5) Once a fragment has been stored, repeat from step 2 counting the next n bits along the binary pattern.
      6) When the algorithm runs off the end of the bit sequence we wrap around. If the length of the bit sequence is a multiple of n, an additional “null” character is added to the end of the sequence to prevent a repeating sequence of fragments and locations.

At each iteration, a number of bits are taken from the entity being stored. Once one entity is stored the next entity is stored immediately after it. The loop terminates once there are no more entity bits to store. If the last sequence of bits does not fill a fragment they are padded with random bits. On loading the extra bits can be discarded once the last entity is rebuilt.

Referring to FIG. 1 a, a fragment store 110 is provided in an initial state with random bits 120 which contain no fragments of an entity to be stored, for example a key or certificate. A temporary bit map or fragment list 130 is provided which indicates that the fragment store 110 is empty.

A pass phrase (or other key on which the algorithm is based) is converted into a binary pattern 140 as shown in FIG. 1 b. A first section 142 of the binary pattern 140 is selected by counting n “1”s down the binary sequence. As in Example 1, n has been chosen to equal 4 and the first section 142 consists of the binary pattern: “010000010010000001”.

This first section 142 is the fragment mask and also determines the position hash for the first fragment 152 of the entity to be stored 150. In FIG. 1 b, the first section 142 is 18 bits long and therefore the first fragment 152 will be 18 bits long. The position hash for the first fragment 152 is determined by the decimal value of the first section 142; however, for simplicity of illustration in FIG. 1 c, the position hash is taken to be “19” (rather than the true decimal value of 66689).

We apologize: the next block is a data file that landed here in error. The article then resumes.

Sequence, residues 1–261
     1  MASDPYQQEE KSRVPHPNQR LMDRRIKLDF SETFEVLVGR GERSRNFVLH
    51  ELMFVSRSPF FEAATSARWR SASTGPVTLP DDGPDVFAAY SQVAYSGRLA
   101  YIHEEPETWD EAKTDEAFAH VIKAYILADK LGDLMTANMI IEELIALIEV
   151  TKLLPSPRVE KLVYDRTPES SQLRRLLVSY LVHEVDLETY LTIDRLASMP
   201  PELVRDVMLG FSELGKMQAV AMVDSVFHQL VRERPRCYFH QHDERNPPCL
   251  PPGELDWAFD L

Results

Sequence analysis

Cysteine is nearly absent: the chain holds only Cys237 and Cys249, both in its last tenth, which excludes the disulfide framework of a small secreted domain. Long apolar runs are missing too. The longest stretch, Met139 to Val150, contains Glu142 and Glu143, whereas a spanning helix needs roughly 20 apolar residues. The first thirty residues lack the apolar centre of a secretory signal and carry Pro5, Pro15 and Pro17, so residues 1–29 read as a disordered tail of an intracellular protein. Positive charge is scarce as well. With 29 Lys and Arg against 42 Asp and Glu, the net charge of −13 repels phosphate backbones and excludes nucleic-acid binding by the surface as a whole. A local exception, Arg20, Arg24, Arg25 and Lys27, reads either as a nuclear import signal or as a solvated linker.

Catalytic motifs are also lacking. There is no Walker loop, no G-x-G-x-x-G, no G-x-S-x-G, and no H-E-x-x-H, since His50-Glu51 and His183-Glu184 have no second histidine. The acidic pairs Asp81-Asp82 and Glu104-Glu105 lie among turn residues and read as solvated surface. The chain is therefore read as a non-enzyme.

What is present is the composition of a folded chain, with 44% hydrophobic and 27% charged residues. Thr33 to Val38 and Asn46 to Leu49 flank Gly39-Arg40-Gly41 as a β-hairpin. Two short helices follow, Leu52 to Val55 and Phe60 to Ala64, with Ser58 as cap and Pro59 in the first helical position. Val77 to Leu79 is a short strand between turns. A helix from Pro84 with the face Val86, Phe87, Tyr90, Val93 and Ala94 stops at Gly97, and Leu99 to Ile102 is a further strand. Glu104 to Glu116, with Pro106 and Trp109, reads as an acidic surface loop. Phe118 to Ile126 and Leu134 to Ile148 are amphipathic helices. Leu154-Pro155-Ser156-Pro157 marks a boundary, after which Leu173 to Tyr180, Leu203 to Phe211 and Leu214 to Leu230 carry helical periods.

FIG. 1 c shows the fragment store 110 with the first fragment 152 of the entity to be stored 150 stored at position “19”. As the first fragment 152 is 18 bits long, the temporary fragment list 130 indicates the position of the first fragment 152 as (19,36). For the purposes of illustration, the bits of the first fragment 152 are shown in italics and the random bits 120 in the fragment store 110 are shown in non-italics.

A second section 144 of the pass phrase 140 is then selected by counting a further 4 “1”s and the second section 144 consists of the binary pattern: “100010011” as shown in FIG. 1 d. The second section 144 is 9 bits long and so the second fragment 154 of the entity to be stored 150 is 9 bits long.

FIG. 1 e illustrates that if the position hash of the second fragment 144 determined by the decimal value of the second section 144 was, for example, “30” it would fall within the position of the first fragment 142 in the fragment store 110 of (19,36). The position hash is then taken to be the end of the existing stored fragment+1. In this illustration, the position hash of the second fragment is 36+1 which equals 37. As the second fragment is 9 bits long the position (37,45) is added to the temporary fragment list 130.

The sequence illustrated in FIGS. 1 a to 1 e is repeated until all the data of the entity to be stored 150 has been placed in the fragment store 110.

As described above, the location generated from the hashed key value may already contain a key fragment. The bit map or temporary fragment list is used to record which bits of the fragment store are in use. When a new fragment is added and its location clashes with used space, the bits are simply added to the end of the sequence. When the file is read, once again, a bit map or temporary fragment list is created and as bits are read from the fragment store they are marked (in the bit map) as used. If a hashed value points to a used location, the position is moved forward until unused bits are found.

One other situation that may arise (not illustrated in FIG. 1) is that the beginning of the fragment to be stored may fall into free (unoccupied) memory, but its end would extend into an existing stored fragment. In this case the fragment to be stored could be brought forward in memory until its end no longer overlapped the existing fragment. Alternatively, it could in fact be stored at the originally indicated location, but split into two components, the first immediately before the existing fragment, the second immediately after.